Back in February, I attended a Scottish Renewables event on “Engagement with the General Election”. It was commented that the outcome of the election would either “make or break” the case for future investment in the renewables sector in Scotland.
In anticipation of the election, a group comprising six of the leading renewable trade bodies launched a “Renewables Manifesto” statement setting out six key tests for the next Government and Renewable UK launched a General Election Manifesto last June.
So, what has happened since then? The election is less than a week away and it is clear that renewable energy has not been a key concern for any of the parties in their electioneering.
Last month, the UK fell to 8th place in the Ernst & Young Renewable Energy Country Attractiveness Index. This is the UK’s lowest position in 12 years. Ernst & Young attributed the fall to the lack of clarity over the role of renewables in the UK following the election.
Little attention has been given to renewable energy policies in the run up to this election (no photos of husky hugging this time round), and often the attention which has been given has been negative rather than positive.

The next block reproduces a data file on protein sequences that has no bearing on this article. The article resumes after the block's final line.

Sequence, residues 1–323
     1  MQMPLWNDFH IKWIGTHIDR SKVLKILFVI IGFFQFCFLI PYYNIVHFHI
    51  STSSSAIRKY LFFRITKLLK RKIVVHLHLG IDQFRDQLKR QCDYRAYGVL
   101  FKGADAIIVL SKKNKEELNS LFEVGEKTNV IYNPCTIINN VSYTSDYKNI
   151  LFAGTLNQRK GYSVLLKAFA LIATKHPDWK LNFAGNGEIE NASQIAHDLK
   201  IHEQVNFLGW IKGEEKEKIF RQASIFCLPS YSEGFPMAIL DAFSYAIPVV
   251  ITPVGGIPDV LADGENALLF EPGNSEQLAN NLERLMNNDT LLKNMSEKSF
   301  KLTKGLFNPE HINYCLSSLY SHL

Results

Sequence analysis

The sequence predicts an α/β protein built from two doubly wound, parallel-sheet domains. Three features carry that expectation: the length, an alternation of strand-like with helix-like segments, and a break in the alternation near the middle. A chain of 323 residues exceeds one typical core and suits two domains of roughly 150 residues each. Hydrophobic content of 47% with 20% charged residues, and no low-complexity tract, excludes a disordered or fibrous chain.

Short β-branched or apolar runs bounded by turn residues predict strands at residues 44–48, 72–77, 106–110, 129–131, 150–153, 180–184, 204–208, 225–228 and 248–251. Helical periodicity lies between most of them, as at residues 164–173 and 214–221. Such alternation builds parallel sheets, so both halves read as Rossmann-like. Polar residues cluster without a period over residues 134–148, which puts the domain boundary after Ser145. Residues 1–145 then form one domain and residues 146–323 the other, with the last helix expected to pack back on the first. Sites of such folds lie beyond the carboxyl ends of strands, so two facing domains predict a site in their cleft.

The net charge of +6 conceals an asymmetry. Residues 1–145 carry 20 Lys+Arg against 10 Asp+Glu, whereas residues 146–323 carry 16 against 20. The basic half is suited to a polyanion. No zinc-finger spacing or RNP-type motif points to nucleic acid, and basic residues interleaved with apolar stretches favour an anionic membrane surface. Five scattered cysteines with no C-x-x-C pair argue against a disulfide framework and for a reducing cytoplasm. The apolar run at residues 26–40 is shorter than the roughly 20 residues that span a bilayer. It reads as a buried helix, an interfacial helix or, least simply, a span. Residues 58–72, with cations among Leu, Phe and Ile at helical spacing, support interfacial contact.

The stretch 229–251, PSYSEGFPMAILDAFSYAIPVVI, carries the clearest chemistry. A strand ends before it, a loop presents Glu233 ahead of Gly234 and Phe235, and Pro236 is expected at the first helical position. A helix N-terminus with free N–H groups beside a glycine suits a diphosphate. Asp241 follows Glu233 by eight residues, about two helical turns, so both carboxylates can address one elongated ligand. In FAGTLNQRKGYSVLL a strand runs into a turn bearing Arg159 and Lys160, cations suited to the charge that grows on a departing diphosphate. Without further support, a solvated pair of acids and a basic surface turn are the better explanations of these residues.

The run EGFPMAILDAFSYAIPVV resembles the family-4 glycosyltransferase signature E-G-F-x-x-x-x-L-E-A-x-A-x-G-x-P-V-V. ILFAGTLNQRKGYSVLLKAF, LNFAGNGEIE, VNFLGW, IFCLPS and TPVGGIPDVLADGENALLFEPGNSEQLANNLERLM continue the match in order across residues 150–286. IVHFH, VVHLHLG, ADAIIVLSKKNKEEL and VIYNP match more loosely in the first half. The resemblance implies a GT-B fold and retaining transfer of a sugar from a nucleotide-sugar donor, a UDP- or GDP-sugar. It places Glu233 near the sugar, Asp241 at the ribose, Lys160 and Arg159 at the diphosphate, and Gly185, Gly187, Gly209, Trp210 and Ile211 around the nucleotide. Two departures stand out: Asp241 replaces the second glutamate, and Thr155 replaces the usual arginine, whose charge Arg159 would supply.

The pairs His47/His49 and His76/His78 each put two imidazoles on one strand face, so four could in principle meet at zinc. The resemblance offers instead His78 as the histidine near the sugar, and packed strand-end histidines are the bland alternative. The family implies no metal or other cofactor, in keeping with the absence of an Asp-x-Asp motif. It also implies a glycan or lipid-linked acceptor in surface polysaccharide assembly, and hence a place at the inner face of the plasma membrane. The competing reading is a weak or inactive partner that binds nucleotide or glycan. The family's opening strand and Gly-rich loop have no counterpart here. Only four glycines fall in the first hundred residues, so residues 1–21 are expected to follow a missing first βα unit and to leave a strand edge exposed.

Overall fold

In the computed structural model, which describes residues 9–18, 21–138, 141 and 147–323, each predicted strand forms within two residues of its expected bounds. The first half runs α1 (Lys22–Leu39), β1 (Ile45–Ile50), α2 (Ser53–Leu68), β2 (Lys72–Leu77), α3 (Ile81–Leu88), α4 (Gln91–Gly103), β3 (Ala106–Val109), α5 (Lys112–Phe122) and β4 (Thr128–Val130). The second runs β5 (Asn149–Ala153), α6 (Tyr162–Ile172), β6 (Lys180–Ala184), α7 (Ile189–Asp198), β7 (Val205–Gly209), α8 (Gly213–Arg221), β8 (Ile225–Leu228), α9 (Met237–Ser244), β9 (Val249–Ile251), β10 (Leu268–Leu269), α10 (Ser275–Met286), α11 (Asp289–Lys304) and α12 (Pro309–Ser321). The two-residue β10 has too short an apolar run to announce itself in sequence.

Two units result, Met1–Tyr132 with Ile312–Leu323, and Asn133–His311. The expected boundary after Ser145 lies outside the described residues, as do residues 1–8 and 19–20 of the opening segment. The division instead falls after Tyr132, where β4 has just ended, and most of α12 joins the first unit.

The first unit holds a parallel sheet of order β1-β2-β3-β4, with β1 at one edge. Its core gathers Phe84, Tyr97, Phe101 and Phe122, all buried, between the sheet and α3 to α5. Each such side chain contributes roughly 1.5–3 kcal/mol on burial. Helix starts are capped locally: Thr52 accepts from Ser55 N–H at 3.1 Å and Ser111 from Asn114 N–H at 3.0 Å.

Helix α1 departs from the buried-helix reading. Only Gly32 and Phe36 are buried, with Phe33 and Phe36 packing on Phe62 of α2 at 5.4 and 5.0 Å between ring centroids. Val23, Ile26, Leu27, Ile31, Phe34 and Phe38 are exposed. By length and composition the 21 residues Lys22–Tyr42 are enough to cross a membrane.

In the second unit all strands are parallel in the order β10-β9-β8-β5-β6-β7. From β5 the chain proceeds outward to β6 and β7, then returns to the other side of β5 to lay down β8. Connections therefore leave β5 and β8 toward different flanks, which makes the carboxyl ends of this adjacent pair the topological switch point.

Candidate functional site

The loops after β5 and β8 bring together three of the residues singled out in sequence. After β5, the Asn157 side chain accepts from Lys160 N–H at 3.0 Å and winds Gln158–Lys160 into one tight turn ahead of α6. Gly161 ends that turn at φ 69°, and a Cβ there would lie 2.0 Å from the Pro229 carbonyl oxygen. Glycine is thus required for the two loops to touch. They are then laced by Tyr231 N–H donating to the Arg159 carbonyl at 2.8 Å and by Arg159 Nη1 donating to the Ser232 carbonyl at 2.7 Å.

What does the renewables industry think?
The key findings of a survey by the REA (Renewable Energy Association) published this week are:
- Are the political parties properly addressing the needs of the industry?
- 95% – No
- What was the top priority of the respondents?- 56% – Feed in Tariff
- 52% – Renewable Heat Incentive
- 44% – 2030 decarbonisation target
The industry has been saying for years that there needs to be consistent and strong support for renewable energy and political backing is required for renewables to flourish. Let’s hope the absence of energy policy from the election debate is because the issues are so important and often complex, not lending themselves to headline grabbing and sound bites. Let’s also hope it’s not a failure to appreciate the fundamental importance of the issues, or worse, abandoned support. The ever present trilemma of reducing CO2 emissions, ensuring security of supply and reducing costs are of vital importance, and will be present regardless of the outcome of the election. Perhaps the silence is in fact a positive. Maybe it’s a sign that the issues are not as contentious as they used to be, and rather than politicising such fundamental matters, there is more scope for creating the right environment to focus on, and address, the key issues.
On May 1, 2015